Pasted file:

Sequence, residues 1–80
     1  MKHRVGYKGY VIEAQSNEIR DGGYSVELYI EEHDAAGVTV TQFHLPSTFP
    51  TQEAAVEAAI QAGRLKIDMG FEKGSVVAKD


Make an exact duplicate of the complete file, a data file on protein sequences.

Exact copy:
Sequence, residues 1–80
     1  MKHRVGYKGY VIEAQSNEIR DGGYSVELYI EEHDAAGVTV TQFHLPSTFP
    51  TQEAAVEAAI QAGRLKIDMG FEKGSVVAKD